Pirated streams have become an enormous problem for boxing, particularly when it comes to its PPV shows. Showtime, which produced and distributed Saturday’s PPV, said before the show it would try to crack down on illegal streams.
“It’s a reality that we have to accept,” Brian Dailey, Showtime’s VP of sports digital media, told the Daily Dot in July. “We’re going to combat it as aggressively as we possibly can. Between us and the UFC, we’re going to [use] every resource we can, and we’re going to lean on our social partners that can help us police and be on top of it as best we can. It’s a reality that’s certainly troublesome for us. It’s just part of what we have to do.”
The answer for how to stop the illegal streams (or even slow them down), though, is still unknown.
“We’ve established anti-piracy centers before to stop illegal streams,” Ringstar Sports CEO Richard Schaefer told the Los Angeles Times in May. “There has to be more proactive measures taken, including by the distributors—AT&T, Time Warner, DirecTV—to perhaps implement legal steps… Consumers have to know they can’t watch these pirated streams and then consider if they want to purchase the PPV.”
Some who bought it legally through one of the legal streams, though, also weren’t happy, particularly because the telecast didn’t work for everybody. Due to high demand, some fans had a difficult time logging into their UFC accounts or getting the stream to load on their browsers.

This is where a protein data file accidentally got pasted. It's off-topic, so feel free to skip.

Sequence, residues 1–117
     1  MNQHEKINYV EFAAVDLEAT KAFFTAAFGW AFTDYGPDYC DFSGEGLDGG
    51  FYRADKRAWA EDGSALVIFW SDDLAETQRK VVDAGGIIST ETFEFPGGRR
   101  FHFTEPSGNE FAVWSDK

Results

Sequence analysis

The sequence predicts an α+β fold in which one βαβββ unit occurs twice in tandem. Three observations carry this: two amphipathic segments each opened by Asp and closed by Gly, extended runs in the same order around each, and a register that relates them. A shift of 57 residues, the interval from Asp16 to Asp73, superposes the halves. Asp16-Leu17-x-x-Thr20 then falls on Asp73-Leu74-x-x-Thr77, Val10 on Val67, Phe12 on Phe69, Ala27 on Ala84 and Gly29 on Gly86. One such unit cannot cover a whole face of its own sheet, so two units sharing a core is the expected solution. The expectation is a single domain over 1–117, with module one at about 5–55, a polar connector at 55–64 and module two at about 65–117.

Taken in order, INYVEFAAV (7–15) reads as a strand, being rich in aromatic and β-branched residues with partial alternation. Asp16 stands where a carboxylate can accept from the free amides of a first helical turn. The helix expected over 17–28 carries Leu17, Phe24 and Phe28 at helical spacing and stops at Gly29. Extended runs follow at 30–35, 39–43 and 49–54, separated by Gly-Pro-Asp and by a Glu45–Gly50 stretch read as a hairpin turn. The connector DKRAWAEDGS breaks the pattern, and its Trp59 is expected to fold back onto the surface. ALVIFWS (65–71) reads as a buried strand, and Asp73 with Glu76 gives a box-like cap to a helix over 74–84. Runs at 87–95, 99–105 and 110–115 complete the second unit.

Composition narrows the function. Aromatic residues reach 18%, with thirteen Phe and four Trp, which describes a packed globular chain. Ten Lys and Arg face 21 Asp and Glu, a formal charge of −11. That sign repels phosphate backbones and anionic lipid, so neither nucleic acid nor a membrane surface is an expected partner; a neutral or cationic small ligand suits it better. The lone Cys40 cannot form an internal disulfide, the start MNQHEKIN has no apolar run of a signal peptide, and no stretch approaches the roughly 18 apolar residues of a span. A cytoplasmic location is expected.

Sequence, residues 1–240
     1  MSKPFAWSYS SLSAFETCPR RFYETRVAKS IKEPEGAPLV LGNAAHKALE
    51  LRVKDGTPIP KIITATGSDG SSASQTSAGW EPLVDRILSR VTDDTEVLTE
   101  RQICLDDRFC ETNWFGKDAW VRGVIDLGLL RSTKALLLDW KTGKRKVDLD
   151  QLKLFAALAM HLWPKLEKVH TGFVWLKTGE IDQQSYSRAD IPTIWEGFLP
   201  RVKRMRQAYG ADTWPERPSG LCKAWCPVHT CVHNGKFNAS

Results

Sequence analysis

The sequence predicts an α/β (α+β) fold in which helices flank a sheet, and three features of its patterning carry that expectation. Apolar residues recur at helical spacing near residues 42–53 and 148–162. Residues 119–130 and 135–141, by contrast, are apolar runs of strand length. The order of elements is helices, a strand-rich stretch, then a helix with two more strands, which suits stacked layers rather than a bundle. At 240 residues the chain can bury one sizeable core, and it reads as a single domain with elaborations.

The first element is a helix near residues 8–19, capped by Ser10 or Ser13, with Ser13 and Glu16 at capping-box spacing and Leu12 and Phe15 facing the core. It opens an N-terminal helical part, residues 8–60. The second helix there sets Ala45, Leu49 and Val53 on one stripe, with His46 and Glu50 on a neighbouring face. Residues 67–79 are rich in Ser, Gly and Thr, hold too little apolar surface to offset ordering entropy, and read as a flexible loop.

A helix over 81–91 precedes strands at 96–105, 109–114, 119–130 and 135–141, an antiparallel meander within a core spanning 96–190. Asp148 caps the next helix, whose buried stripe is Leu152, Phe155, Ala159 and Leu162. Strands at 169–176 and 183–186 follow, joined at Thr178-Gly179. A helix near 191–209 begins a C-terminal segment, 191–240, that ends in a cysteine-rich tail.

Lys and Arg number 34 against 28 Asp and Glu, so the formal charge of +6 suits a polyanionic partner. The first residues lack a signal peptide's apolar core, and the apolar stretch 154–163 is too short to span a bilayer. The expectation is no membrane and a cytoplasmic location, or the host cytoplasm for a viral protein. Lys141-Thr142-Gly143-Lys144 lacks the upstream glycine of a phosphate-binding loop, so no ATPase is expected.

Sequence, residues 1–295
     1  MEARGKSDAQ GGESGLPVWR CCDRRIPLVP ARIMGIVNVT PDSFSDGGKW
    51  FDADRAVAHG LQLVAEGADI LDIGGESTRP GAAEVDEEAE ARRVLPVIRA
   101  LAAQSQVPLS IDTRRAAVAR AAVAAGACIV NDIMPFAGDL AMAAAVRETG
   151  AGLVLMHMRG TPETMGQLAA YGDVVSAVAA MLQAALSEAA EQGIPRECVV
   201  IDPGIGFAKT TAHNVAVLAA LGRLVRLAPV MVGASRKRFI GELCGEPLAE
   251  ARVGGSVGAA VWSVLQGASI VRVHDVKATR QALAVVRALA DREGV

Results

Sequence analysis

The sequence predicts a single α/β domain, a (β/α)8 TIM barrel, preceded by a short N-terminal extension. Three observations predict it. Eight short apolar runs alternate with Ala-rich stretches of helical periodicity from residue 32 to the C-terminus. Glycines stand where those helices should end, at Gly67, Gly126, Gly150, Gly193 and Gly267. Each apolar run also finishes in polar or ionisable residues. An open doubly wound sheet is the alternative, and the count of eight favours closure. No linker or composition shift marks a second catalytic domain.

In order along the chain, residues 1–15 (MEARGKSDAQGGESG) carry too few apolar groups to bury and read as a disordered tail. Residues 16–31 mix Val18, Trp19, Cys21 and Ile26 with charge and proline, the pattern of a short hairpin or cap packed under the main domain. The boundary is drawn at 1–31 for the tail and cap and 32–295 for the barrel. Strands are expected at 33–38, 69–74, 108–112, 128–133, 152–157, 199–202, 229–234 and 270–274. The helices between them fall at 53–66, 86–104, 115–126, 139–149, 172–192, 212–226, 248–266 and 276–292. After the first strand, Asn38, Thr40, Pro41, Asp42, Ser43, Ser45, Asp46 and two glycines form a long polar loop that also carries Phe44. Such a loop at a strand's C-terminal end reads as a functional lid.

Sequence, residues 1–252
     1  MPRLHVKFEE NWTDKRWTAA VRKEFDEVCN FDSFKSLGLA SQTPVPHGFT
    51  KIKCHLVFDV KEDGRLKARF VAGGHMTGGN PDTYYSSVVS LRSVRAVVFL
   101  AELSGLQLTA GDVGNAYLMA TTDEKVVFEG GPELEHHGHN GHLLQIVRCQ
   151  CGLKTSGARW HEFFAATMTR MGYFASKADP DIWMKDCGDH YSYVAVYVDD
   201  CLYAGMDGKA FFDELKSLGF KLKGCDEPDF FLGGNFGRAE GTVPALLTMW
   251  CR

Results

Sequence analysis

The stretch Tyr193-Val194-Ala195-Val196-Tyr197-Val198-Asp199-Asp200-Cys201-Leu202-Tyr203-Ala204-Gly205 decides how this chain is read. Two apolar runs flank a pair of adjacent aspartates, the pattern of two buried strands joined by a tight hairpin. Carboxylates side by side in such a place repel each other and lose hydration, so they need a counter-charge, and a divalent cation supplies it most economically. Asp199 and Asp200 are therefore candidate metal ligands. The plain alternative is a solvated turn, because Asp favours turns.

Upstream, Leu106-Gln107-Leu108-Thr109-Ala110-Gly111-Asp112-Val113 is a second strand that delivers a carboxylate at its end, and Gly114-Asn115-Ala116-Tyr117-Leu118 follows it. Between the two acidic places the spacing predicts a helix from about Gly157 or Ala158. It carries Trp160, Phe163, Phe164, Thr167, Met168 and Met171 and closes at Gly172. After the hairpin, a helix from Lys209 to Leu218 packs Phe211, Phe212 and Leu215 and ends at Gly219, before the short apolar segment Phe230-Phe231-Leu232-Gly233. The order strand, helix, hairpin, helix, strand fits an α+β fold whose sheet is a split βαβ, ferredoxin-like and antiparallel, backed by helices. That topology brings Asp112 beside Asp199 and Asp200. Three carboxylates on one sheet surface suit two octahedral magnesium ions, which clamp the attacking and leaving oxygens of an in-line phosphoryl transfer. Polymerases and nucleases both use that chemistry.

We r in panic mode / Waited all day for PAY PER VIEW OF FIGHT / not getting it & we can't get anyone on the phone ! pic.twitter.com/oTnandYpHU
— Dick Vitale (@DickieV) August 27, 2017
The streaming problems caused the Mayweather-McGregor fight to be delayed slightly so the PPV provider could catch up with demand, but on Monday, at least one person took legal action.
The first class action lawsuit has been filed against Showtime over Mayweather-McGregor PPV issues.
— Darren Rovell (@darrenrovell) August 28, 2017
Update 9:12am, Aug. 29: After initially declining to comment on Irdeto’s Mayweather-McGregor illegal stream findings, a Showtime spokesperson claimed post-publication that the company took a multipronged approach to combat piracy. “Mayweather vs. McGregor was an event of huge global appeal that attracted large scale efforts to illegally stream the telecast. During the fight, SHOWTIME and its partners successfully blocked and removed the highest number of unauthorized streams for any event in the company’s history. We did this through cooperative efforts with our distribution partners and social media platforms during the live event, as well as with proactive court action blocking third party websites that offered illegal live streams.”
Editor’s note: This article has been updated for clarity and context.
Josh Katzowitz is a staff writer at the Daily Dot specializing in YouTube and boxing. His work has appeared in the New York Times, Wall Street Journal, Washington Post, and Los Angeles Times. A longtime sports writer, he's covered the NFL for CBSSports.com and boxing for Forbes. His work has been noted twice in the Best American Sports Writing book series.